Chapter 31 ~ “Doing and Making in a Democracy: Dewey’s Experience of Technology” by Larry Hickman September 7, 2009Posted by Shon in 5369, Carter, Philosophy of Technology, TCR.
Tags: 5369, Carter, Dewey, Hickman, Philosopy of Technology, Technology, Theories of Technology
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From “Philosophy of Technology” (1989)
This work of Hickman’s focuses on John Dewey and his thoughts on technology.
We first learn of Dewey’s thoughts of a mislocation of technology brought on by his philosophical predecessors, such as Aristotle and Plato, who had attempted to move technology from the hands of the artisan. The result of this was the “stunting of the growth of science and social inquiry as well” (371). Both Plato and Aristotle placed artisans in the “lowest rung of sociopolitical hierarchy” and Dewey believed part of the reason was their attitude toward the mutability found within technology.
In regards to the modern sciences, Dewey saw the actual “doing” by practitioners, but what he failed to see was any thought behind what the practitioners were doing. For him, there need to be the action as well as the understanding of the action.
Dewey had his critics.
Desmond Lee disagreed that the Greeks’ overall opinion of artisans hindered technological advancement and used 17th century England – with its technological growth and loathing of the artisans – as proof. For Lee, the Greeks were too busy being philosophers and tying science to philosophy instead of seeing that philosophy looked to understand and science looked to change. With Galileo, asserts Lee, we get the untying of science from philosophy. For Dewey, there must be both the understanding and the talk of change.
In analyzing the new science of the 17th century, Dewey noted that there was a gap “between what the new science said it was doing and what is was actually about” (371). A new spirit also followed the science as technology moved – during this time – into practical experimentalism. However, the metatheory – the understanding – did not move forward.
The metatheorists of this time, erroneously to Dewey, believed science was grounded in practice, “that is, in a transaction with the growing body of tools and artifacts that made the new science possible” (371). Contemporary theorists, erroneously too, continue in this line of thinking. [aside, seeing threads connect with other readings – instrumentality; technology as a means to an end, a practice; disconnect between science and thought, the HOW and the WHY. It’s not a thing that just happened.]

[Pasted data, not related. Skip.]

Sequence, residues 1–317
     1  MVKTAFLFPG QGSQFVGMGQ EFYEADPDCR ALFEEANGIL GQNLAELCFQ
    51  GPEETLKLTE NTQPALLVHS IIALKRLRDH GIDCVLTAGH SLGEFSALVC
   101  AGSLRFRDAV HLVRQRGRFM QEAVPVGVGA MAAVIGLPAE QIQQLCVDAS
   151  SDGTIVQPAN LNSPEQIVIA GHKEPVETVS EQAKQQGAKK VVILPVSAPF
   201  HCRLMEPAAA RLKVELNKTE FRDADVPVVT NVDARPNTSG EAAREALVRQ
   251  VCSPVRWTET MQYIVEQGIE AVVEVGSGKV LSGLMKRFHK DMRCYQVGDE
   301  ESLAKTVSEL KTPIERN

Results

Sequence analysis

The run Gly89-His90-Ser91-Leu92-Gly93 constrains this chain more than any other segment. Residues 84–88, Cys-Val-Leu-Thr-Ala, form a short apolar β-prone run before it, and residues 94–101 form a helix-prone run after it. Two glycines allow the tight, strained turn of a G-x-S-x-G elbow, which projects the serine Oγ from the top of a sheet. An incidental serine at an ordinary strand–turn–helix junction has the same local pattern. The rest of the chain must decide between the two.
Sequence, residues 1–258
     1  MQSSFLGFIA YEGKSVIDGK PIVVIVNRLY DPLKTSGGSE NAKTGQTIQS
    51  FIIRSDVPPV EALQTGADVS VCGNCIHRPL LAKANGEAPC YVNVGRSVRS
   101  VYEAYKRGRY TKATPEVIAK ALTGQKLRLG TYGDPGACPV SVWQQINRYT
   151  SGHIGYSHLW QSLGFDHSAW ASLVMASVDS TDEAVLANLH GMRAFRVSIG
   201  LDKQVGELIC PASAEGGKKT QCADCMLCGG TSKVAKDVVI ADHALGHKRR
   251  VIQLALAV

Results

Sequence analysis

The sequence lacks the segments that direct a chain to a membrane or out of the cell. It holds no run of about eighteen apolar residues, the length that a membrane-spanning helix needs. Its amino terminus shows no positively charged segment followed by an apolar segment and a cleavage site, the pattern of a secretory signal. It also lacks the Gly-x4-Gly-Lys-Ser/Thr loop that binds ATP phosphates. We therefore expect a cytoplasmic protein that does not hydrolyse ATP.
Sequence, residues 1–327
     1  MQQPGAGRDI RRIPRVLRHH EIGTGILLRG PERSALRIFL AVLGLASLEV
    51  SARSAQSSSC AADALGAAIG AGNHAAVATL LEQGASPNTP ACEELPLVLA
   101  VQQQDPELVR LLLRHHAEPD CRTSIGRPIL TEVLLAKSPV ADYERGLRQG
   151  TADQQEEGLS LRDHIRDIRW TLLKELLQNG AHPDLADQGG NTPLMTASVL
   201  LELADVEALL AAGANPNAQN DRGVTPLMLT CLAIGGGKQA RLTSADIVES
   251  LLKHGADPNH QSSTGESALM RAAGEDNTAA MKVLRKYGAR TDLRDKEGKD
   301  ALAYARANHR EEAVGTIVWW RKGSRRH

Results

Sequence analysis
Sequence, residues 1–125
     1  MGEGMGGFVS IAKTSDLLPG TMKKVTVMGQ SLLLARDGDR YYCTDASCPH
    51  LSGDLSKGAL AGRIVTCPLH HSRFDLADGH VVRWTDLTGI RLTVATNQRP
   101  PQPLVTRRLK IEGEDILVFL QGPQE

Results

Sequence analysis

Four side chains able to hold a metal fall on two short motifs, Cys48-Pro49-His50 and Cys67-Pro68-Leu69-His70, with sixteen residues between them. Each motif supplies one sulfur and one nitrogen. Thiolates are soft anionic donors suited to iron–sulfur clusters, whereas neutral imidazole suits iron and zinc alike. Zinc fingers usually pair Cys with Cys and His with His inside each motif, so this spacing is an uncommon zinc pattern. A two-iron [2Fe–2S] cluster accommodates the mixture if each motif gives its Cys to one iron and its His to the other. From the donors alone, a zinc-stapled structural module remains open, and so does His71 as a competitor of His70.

What Dewey argued, and which became his most important contribution to the discussion of science and technology, was “inquiry into materials such as that practiced by Galileo precedes and conditions inquiry of a more conceptual variety. It also informs its methodology, and terminates its activity in further concrete application” (371). Just because a craftsman cannot articulate (or even conceptualize) his using of tools to create things does not mean that a methodological gap does not exist between the craftsman and the work. [aside, I think the two enterprises are the craftsman and the work.]
Dewey claimed that from the 17th century to the 19th centuries, philosophy failed to properly locate technology because they were still tied to old ways of thinking, such as truth, demonstration, and certitude.
From here, Hickman discusses nature and the modern period’s and Dewey’s thoughts on it.
For the modern period, nature was a vast machine; Dewey rejected this notion.
Even removing the metaphor of world-as-machine, people grappled with how to discuss machines and their relationship to them We learn that a machine can be contemplated as…
— something finished, and its workings discovered and admired;
— something complete but in need of occasional repair; or
— something ongoing, unstable and provisional, as a tool which is utilized for enlarging transactions of self and society with environing conditions.
“Only with the third that there comes to be genuine transaction with nature, awareness of such transaction, and inclusion of that awareness in the metatheories of science” (372).
Here, democracy comes into view with the essay. During the modern period of science, the US was founded, and many of the founders and framers of the US’ democracy were themselves artisans, craftsmen. They were practitioners of a religious faith that saw God as artisan. To Thomas Jefferson, the establishing of government was an experiment, one in which modifications would be necessary for generations to come.
“For government, as for nature, contemplation had been replaced by examination, and that in turn by experimentation whose goal was constant attention to possibilities of adjustment and amelioration” (373).
In deciding where to locate technology, Dewey believed that the only place it could go was alongside science and social thought. In his view, technology shared qualities with science and social thought and also fostered qualities that could help them.
For Dewey, technology was more than just a means to an end, an instrument. It is, in part, “responsible for the prestige enjoyed by science” (374); it can also be “the buffer between the forces of anti-science and those of science” (375).